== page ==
Developmental Cycle of the Domestic Group – How Groups Change and Adapt Over Time

The developmental cycle of the domestic group as described by the anthropologist Mayer Fortes is as follows:

1. The domestic group is in a state of equilibrium, where all members are equally contributing to the group and there is a sense of harmony and balance.

2. A disturbance or challenge to the equilibrium occurs, which leads to tension and conflict within the group.

3. The tension and conflict leads to a reorganization of the group, in which new roles and hierarchies are established.

4. The new roles and hierarchies stabilize the group and allow it to return to a state of equilibrium.

The developmental cycle of the domestic group is important to understanding how groups change and adapt over time.

According to Fortes, the key to a successful adaptation is a flexible and adaptable domestic group. A group that is able to quickly adapt to changes in its environment is more likely to survive and thrive than a group that is rigid and inflexible. This helps to explain why some groups are more successful than others in coping with challenges, and it provides insight into the dynamics of social change.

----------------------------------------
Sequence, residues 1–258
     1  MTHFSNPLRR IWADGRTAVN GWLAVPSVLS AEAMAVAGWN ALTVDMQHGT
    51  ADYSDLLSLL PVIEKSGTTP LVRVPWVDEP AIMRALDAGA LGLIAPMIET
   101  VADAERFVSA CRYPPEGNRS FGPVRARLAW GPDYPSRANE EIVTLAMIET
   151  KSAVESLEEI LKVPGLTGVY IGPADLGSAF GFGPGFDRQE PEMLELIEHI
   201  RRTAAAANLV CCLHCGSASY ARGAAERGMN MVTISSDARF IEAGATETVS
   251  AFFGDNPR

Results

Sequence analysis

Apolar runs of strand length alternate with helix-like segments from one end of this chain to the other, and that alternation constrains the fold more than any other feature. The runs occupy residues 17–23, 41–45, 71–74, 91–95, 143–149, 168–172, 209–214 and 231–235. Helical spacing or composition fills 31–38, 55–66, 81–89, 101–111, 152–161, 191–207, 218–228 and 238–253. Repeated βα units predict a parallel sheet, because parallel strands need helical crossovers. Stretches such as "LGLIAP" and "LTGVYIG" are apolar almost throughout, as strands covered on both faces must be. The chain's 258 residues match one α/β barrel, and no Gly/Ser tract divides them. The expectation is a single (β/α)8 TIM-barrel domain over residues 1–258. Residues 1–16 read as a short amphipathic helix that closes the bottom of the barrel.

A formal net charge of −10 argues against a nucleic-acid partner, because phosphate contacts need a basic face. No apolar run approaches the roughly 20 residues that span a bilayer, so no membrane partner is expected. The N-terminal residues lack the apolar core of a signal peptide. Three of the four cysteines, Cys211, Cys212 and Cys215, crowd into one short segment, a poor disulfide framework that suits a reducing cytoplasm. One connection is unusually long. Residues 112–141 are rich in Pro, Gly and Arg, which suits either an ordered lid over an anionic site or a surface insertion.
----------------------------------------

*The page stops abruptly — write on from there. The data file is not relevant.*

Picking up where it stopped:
Related Terms:

Social change – The transformation of social structures and institutions over time.

Tension – A feeling of unease or anxiety caused by opposing forces.

Conflict – A situation in which two or more parties are in disagreement.

Reorganization – A process of change in which new roles and hierarchies are established.

Flexibility – The ability to quickly adapt to changes in one’s environment.

Rigidity – The inability to adapt to changes in one’s environment.

Glossary Terms starting with D

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